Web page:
Nintendo’s NX console said to ditch discs and go back to cartridges



Nintendo wants to harken back to its heydays with the new, unreleased Nintendo NX console in more ways than one: A new WSJ report says it’ll use cartridges in place of discs, which have been standard on the game company’s home consoles since the introduction of the GameCube in 2001.

Cartridges are still in common use elsewhere in the Nintendo console lineup – it’s the physical medium of choice for the 3DS family of portable gaming devices. 3DS has also moved a lot towards making digital downloads a viable option for customers who don’t need or want a million cartridges lying around, but the physical media is still a key vector, especially for younger players who don’t have ready access to credit cards.

As the WFJ points out, there’s also a number of technical advantages to using proprietary cartridges, including the increased capacity and speed of flash memory, as well as more difficulty for pirates in copying the games, and cheaper mass production.

The cartridges also might help the console in terms of size requirements and that could be key if early reports about the NX prove true. A report from July claims that the NX is a double-duty console, which works both as a portable device with a built-in screen, and for living room gaming with the the help of a TV dock. If that’s accurate, small cartridges similar to those used for the 3DS is likely the only viable option in order to maintain a truly portable form factor.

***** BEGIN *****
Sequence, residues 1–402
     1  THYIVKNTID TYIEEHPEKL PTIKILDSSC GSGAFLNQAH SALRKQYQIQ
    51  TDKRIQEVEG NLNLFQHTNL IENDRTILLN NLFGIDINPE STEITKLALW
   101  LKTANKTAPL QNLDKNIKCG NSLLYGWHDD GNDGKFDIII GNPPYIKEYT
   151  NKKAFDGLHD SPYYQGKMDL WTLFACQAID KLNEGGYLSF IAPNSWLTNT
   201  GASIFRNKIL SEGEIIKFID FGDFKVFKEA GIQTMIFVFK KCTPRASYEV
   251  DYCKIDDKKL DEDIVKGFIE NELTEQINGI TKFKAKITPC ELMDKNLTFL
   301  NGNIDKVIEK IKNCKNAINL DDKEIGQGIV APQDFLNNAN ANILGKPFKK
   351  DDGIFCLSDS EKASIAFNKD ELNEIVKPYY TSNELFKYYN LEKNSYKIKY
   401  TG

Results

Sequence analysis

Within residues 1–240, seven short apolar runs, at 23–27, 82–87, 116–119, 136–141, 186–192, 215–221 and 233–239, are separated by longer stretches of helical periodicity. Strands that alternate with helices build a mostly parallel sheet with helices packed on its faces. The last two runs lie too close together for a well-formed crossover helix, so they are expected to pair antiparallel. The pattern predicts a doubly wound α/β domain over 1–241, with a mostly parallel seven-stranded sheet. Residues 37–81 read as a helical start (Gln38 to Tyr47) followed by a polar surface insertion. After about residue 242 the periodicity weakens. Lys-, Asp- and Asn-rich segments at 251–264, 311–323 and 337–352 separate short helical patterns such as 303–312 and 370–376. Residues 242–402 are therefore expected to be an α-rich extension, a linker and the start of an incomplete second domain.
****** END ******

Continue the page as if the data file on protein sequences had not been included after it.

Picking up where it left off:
One more point about using cartridges instead of optical discs: there’s a certain retro appeal to it. While we haven’t heard anything truly official about what the NX will offer, Ubisoft’s CEO said in July that the game should boast a ton of casual appeal like prior offerings. Nintendo has a strong history of being something everyone in the family could enjoy, and even something as simple as using cartridges could tug at the nostalgia centers of the brains of parents who grew up playing NES with their own elders and siblings.

Featured Image: Guian Bolisay/Flickr UNDER A CC BY-SA 2.0 LICENSE



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